Although not as economical as we would have thought just by taking BMW's word on it, the two-liter 170 horsepower engine is pretty much all that you'd want from a modern engine. Speaking of fuel economy, we averaged 10.4 liters per 100 kilometers (US 22.6 mpg) during the whole period in which we drove the car. Taking into account the fact that we didn't quite drove in a very economical fashion the whole time and the time we spent in the city was full of sudden accelerations followed by stops, we think that's a pretty good number for a normally aspirated and high-revving two-liter engine.
Not even close to the 6.6 liters (US 35.6 mpg) BMW was apparently expecting, but pretty good nonetheless, especially given the conditions. What we really liked about it were the BMW DNA traits which, minus a few, are still present even in a modern Bavarian engine. The lack of low end grunt is compensated by the minor storm coming right after you pass 3500-4000 rpm.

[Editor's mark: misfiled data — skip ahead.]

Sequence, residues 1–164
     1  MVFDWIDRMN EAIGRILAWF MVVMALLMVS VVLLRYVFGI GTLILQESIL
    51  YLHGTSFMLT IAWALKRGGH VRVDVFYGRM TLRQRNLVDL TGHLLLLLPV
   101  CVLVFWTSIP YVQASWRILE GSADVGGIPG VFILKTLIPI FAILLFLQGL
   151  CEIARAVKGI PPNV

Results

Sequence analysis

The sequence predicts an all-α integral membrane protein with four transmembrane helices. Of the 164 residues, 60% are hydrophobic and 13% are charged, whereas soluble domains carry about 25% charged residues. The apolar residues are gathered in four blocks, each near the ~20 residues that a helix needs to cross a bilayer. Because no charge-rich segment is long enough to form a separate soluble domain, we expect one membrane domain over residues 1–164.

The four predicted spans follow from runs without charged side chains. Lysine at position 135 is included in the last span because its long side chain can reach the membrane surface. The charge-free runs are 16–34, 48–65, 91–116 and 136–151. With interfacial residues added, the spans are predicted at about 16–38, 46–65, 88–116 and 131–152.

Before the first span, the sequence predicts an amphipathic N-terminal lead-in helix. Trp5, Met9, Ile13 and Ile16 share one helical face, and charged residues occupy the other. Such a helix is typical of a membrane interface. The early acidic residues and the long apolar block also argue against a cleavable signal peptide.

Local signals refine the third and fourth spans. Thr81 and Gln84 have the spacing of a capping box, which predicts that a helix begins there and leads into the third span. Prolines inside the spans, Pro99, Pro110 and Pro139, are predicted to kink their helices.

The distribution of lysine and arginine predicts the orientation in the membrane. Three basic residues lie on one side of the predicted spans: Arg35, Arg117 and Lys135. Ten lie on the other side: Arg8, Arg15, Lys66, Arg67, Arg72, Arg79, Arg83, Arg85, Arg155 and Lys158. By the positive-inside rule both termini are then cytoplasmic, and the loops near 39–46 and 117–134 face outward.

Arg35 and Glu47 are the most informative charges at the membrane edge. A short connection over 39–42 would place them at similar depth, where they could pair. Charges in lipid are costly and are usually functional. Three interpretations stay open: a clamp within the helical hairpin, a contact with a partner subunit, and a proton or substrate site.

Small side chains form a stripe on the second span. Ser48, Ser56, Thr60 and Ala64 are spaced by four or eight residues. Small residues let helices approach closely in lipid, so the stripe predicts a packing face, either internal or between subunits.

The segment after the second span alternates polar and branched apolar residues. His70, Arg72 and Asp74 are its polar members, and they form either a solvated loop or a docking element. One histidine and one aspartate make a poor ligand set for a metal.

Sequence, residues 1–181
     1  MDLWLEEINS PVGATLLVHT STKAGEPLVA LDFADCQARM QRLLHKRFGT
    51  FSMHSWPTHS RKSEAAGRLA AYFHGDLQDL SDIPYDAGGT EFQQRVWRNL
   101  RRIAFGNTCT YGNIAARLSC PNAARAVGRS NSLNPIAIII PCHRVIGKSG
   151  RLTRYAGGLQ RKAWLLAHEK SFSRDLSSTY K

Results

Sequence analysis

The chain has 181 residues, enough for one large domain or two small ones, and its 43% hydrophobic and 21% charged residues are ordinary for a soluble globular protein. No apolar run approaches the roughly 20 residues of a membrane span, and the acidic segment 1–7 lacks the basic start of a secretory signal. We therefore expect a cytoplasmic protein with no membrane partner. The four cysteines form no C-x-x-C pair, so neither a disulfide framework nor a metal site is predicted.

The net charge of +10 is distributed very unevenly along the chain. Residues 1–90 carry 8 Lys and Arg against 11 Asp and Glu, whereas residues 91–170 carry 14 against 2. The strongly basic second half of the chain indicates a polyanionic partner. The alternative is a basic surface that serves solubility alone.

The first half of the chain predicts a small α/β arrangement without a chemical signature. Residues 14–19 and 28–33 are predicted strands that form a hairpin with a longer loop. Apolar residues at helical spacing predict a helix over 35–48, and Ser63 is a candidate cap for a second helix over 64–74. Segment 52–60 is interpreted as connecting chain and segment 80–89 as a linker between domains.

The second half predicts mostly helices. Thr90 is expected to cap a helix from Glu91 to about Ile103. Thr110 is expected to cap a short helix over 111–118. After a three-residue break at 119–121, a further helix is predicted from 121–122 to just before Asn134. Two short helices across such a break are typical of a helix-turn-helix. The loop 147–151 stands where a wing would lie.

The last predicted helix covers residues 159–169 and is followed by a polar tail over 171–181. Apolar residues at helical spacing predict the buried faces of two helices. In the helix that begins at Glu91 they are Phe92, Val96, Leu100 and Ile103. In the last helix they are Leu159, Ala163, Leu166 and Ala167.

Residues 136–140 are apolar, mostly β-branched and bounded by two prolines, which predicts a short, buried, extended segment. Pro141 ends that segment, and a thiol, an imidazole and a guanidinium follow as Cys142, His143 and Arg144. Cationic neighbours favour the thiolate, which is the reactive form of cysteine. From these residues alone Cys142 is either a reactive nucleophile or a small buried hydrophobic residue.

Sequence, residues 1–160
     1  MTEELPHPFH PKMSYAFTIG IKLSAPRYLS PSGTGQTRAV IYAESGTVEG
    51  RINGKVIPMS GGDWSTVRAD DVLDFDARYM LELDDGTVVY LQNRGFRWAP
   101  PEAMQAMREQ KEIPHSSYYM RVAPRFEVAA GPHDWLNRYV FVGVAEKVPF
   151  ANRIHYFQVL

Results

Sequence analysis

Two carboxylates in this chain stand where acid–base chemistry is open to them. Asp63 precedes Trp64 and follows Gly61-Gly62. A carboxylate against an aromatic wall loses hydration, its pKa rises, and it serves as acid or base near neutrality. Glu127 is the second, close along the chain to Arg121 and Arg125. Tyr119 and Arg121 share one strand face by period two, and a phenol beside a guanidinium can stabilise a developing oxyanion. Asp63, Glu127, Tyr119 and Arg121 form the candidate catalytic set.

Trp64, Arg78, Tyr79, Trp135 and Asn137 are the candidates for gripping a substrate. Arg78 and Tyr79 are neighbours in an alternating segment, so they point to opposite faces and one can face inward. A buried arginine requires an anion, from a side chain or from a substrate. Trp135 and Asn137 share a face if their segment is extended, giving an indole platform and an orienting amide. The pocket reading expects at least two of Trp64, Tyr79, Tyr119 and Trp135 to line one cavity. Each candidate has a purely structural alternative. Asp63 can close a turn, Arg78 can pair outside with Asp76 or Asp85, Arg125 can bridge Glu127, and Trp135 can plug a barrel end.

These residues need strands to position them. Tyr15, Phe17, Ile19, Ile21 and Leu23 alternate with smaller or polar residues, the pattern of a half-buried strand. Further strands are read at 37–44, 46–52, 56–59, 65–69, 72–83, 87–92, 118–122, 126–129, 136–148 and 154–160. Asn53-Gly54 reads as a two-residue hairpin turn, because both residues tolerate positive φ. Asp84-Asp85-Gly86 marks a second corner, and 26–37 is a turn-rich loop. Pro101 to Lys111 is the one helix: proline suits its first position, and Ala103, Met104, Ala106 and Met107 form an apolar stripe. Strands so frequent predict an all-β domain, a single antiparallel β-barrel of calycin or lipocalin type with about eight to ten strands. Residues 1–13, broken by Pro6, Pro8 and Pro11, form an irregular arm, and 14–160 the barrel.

Fitted with direct injection and BMW's Valvetronic system, the power plant also sadly managed to disappoint us in the "hi fi department". Especially with the top down, the four-banger sounds way too antithetic to the oldschool Bavarian inline engines. We don't know if it's the lack of two more cylinders or the direct injection, but it was probably the first petrol engine from Munich to not sound like it's supposed to. Okay, maybe the dying cat comment earlier on is a bit too much, but it still didn't tickle our hearing in a very good way.
The six speed manual transmission does its job pretty well, although we would have preferred if it was more of a short shift, considering the fast-revving nature of the engine. Also, its gearing was a bit on the tall side, with more fuel-friendly than acceleration-friendly ratios.Continue reading